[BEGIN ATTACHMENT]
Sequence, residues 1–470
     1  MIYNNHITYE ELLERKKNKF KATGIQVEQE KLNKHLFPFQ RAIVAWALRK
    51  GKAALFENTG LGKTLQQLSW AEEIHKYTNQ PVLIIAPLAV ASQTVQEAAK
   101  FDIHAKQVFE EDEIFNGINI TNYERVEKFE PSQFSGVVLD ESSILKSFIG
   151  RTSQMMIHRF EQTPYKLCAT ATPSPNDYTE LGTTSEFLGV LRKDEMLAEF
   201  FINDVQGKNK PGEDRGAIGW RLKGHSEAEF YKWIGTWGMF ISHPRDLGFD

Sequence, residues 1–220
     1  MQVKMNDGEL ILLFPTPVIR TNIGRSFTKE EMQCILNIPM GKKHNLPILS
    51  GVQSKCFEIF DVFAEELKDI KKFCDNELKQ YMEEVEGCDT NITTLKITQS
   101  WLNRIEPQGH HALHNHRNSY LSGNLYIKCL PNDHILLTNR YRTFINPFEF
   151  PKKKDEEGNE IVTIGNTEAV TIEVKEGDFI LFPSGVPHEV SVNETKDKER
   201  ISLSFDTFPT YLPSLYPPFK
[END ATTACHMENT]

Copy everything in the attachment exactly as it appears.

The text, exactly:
Sequence, residues 1–470
     1  MIYNNHITYE ELLERKKNKF KATGIQVEQE KLNKHLFPFQ RAIVAWALRK
    51  GKAALFENTG LGKTLQQLSW AEEIHKYTNQ PVLIIAPLAV ASQTVQEAAK
   101  FDIHAKQVFE EDEIFNGINI TNYERVEKFE PSQFSGVVLD ESSILKSFIG
   151  RTSQMMIHRF EQTPYKLCAT ATPSPNDYTE LGTTSEFLGV LRKDEMLAEF
   201  FINDVQGKNK PGEDRGAIGW RLKGHSEAEF YKWIGTWGMF ISHPRDLGFD

Sequence, residues 1–220
     1  MQVKMNDGEL ILLFPTPVIR TNIGRSFTKE EMQCILNIPM GKKHNLPILS
    51  GVQSKCFEIF DVFAEELKDI KKFCDNELKQ YMEEVEGCDT NITTLKITQS
   101  WLNRIEPQGH HALHNHRNSY LSGNLYIKCL PNDHILLTNR YRTFINPFEF
   151  PKKKDEEGNE IVTIGNTEAV TIEVKEGDFI LFPSGVPHEV SVNETKDKER
   201  ISLSFDTFPT YLPSLYPPFK